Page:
The antagonist in Moon Knight is one Arthur Harrow (Ethan Hawke) – Khonshu’s one-time avatar, but now a devoted follower of the Egyptian goddess Ammit. Using the Staff Of Ammit, Harrow exacts justice and judgment on others based on future crimes and extracts the souls of those deemed to be agents of evil. “The staff is seen many times in the show,” notes Schelesny. “Sometimes it’s just a staff, other times it glows with a luminescent, surrounding ribbon. In those latter cases, we would matchmove the staff, remove the practical staff, and add a digital topper.

“The hardest part was the staff transformation, which is when one of the staff’s dual heads flips over and becomes a single large head,” he continues. “To create this effect, the geometry had to fold inside itself. To achieve this, we wrapped all the geometry with additional geometry to make sense of the UVs. There was also a good chunk of internally-lit Houdini smoke rolling around the staff during the same effect. We worked hard on the smoke effect to ensure it exhibited continuity with smoke Weta FX created for another scene.”

Several of Image Engine’s shots also involved the creation of Moon Knight and Mr Knight – the latter being the superhero’s Steven Grant incarnation. “Digital doubles were built of Mr Knight and Moon Knight,” explains Schelesny. “When filming most of Moon Knight’s stunt work, the actor wouldn’t wear a full costume, so we had to finish it off and add the digital cape. We also worked on the character’s glowing white eyes. If you look carefully in several shots, you’ll see the sclera is darker than the iris, which is an inversion of the normal look of an eye. This effect was required because there were times when the character’s head was looking one way but his eyes another, so we made his attention obvious in the composite.”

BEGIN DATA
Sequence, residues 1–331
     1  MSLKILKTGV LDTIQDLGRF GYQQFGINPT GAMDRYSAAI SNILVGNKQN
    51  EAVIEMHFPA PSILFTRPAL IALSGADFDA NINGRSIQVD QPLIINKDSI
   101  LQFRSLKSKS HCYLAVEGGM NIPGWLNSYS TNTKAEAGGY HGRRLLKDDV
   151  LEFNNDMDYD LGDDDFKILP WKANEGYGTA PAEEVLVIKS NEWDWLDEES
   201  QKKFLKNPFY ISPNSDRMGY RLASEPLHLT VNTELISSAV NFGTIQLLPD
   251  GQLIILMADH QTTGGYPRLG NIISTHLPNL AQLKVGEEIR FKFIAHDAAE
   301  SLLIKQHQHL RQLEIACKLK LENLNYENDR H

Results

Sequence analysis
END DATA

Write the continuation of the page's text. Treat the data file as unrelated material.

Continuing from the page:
Remote workflows with cineSync

cineSync proved valuable across all of the above shots – not just in dialing in the right look with clients but in collaborating internally, too, due to the limitations imposed by the Coronavirus pandemic.

“Because of COVID-19, our remote workflows had to be really efficient. In the past, I’ve used cineSync exclusively for client reviews, but on Moon Knight, I began to use it for doing crew briefs,” says Schelesny. “I’d load all the shots into cineSync, pre-draw specific brief notes for each department, and then record a Screencast QuickTime for every shot. Then, I would upload that QuickTime in ShotGrid alongside my saved annotations.”

Schelesny’s new approach to cineSync was advantageous when briefing remote artists who joined the show mid-production. “Rather than having to re-brief the work from scratch, I could play the video I’d made months earlier,” he explains. “I would open up the same cineSync session I had briefed with, screenshare it with an artist, update the annotations, save it out, and dump it back into ShotGrid. Doing so gave me access to an entire playlist of shots, all of the tools I need from cineSync, and, if required, I could have the artist work with me in real-time within cineSync just for briefs.”

cineSync also continued to play its essential role as a client collaboration and sign-off tool, with Schelesny often jumping on with VFX Supervisor Sean Faden to ensure things were heading in the right direction.

“Sean’s cineSync notes guided us and advanced the work to completion,” concludes Schelesny. “Sean and his team handled the work expertly, and everything came in on time. It was a super-efficient production, and I’m proud of the team’s results!”

Did you know? cineSync 5 is available now. Learn more about cineSync 5

Reviewing shots with cineSync was a highlight of my day – it has some of the best annotation tools available!

Sean FadenMarvel Studios VFX Supervisor